Computations in Science Seminars
Mar
11
Wed 12:15
Norbert Scherer, University of Chicago
e-mail:
Host: Leo Kadanoff ()
Organizer: Sayantan Majumdar ()
The Nature of Optical Matter

In contrast to conventional matter, which is made up of chemically bonded constituents (e.g., atoms, molecules, etc.), "optical matter" is bound by light. This form of matter exists in a range of contexts - from optically arranged atomic lattices to close-packed colloidal assemblies to self-organizing arrays of nanoparticles. This talk will focus on the last category, wherein the interactions are created by the electrodynamic interactions amongst the constituent nanoparticles. This is in contrast to well-known methods for creating a user-defined optical lattices or collection of optical tweezers. The primary interactions in nanoparticle-based optical matter are dipolar - where the small metal nanoparticles are well described as point dipoles in the Raleigh limit. They are not near-field but rather originate from the typically neglected intermediate-scale term in the Green's function description of dipolar interactions. As our studies are conducted in liquid environments at room temperature, the relevant energy scale is kT; in fact, attractive and repulsive inter-particle interactions 10-fold greater can be achieved. We use minimally shaped, focused optical beams in which the particles create their long range interactions (essentially an interference effect of mutually scattered light). Therefore, arrays of optically interacting particles represent a many-body problem that requires self-consistent numerical methods to solve Maxwell's equations to model forces and interactions. User defined optical gradient forces and phase gradient forces will be demonstrated as ways to manipulate and control the shape and material properties of particle arrays. These properties include directional stress-strain relationships and yield stress that can result in structural transformations in finite size clusters of nanoparticle-based optical matter. Well defined optical matter arrays also allow exploring the behavior of driven non-equilibrium systems, including elucidating explicit dynamics (particle trajectories) in driven Kramers barrier crossing processes and examining the role of noise (from driving) to create what appear to be hyperuniform states.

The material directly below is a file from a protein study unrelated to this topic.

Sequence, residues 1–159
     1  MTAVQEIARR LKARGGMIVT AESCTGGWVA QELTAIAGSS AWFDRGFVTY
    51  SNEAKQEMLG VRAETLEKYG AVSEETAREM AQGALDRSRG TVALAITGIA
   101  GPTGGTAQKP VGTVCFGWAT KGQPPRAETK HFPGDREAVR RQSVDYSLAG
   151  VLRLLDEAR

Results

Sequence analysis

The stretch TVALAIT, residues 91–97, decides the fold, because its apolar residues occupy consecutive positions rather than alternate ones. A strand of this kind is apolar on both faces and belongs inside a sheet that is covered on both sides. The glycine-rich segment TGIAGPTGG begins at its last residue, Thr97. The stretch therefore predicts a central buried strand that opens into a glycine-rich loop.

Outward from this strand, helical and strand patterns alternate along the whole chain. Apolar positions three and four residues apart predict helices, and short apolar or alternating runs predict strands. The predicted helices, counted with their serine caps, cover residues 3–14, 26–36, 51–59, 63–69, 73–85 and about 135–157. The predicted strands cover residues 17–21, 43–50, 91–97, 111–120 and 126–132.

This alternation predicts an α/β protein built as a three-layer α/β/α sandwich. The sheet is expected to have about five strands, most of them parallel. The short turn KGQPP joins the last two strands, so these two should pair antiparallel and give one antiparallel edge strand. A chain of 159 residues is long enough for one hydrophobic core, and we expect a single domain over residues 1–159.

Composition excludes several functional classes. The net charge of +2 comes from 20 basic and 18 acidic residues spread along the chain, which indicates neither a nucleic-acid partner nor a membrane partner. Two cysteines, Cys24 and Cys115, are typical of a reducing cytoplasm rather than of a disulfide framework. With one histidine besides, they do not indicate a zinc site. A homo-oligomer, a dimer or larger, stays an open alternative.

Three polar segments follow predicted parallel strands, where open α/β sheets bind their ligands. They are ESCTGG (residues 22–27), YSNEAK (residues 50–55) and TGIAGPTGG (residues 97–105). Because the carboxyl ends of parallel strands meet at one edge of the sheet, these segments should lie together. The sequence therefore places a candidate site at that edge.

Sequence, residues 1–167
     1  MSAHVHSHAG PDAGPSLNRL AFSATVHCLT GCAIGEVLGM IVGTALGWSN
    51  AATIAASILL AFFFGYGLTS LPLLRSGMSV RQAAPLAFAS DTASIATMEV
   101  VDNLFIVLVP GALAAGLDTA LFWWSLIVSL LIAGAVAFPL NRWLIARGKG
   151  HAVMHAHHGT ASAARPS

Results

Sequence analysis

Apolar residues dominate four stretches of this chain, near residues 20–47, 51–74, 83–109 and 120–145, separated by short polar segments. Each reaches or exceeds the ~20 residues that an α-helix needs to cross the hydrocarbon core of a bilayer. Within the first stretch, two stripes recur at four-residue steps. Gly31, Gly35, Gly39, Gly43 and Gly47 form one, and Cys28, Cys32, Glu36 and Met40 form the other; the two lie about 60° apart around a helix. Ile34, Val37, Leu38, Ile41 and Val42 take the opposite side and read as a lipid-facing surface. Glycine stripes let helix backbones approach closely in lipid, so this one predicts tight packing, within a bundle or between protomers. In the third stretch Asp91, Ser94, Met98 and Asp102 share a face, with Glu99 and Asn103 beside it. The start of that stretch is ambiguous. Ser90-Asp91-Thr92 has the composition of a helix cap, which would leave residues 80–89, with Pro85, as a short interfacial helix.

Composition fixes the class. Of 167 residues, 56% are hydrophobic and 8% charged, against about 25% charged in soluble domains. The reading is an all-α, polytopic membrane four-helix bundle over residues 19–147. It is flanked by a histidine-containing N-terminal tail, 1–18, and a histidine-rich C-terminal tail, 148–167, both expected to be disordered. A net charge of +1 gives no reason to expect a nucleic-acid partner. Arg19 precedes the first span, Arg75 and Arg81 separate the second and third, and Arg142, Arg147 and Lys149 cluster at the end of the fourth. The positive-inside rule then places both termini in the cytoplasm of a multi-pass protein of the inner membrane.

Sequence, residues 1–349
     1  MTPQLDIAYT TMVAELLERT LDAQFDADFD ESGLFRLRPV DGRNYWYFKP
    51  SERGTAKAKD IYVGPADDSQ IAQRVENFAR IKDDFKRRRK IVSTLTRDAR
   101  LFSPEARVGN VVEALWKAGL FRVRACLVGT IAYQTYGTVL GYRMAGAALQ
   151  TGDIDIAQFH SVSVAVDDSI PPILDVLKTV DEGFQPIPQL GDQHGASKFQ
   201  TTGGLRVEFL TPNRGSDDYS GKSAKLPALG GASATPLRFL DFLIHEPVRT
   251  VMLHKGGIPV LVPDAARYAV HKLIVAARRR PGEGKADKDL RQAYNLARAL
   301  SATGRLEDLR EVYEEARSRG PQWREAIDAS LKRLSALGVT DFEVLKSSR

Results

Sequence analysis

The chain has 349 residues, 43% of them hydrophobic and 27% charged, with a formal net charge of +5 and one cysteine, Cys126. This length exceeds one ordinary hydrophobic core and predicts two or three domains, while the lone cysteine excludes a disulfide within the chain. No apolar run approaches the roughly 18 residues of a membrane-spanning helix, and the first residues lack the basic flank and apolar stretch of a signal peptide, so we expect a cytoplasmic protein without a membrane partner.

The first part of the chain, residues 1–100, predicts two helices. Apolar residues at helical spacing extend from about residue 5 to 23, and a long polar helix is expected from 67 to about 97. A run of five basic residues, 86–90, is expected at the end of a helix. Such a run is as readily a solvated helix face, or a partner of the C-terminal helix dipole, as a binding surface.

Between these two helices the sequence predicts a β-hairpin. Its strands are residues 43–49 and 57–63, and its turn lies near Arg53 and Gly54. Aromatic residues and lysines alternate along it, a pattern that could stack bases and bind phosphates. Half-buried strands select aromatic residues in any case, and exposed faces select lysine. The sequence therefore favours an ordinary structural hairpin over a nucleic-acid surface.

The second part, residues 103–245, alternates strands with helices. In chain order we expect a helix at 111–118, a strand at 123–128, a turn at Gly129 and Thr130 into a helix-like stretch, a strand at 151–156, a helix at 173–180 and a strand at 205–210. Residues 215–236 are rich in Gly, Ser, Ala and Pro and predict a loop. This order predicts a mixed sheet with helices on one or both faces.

Mar
18
Wed 12:15
Jonathon Simon, University of Chicago
e-mail:
Host: Leo Kadanoff ()
Organizer: Kim Weirich ()
Topological Photonics with Twisted Resonators and Braided Circuits

I will present recent work conducted in my group realizing topological phases of photons. Beginning with a spin-hall meta-material for RF photons in coupled resonators, I will proceed to a description of recent progress engineering Landau levels for photons in non-planar (twisted) optical resonators, and mediating strong interactions between harmonically confined, massive photons using resonator Rydberg-EIT. This work holds short-term promise for dissipative production of photonic Laughlin states, and long-term potential as a route to controlled studies of anyons.

Mar
25
Wed 12:15
Daniel Koll, University of Chicago
e-mail:
Host: Wendy Zhang ()
Using dimensional analysis, scaling theory, and computation to understand the atmospheric circulations of exoplanets.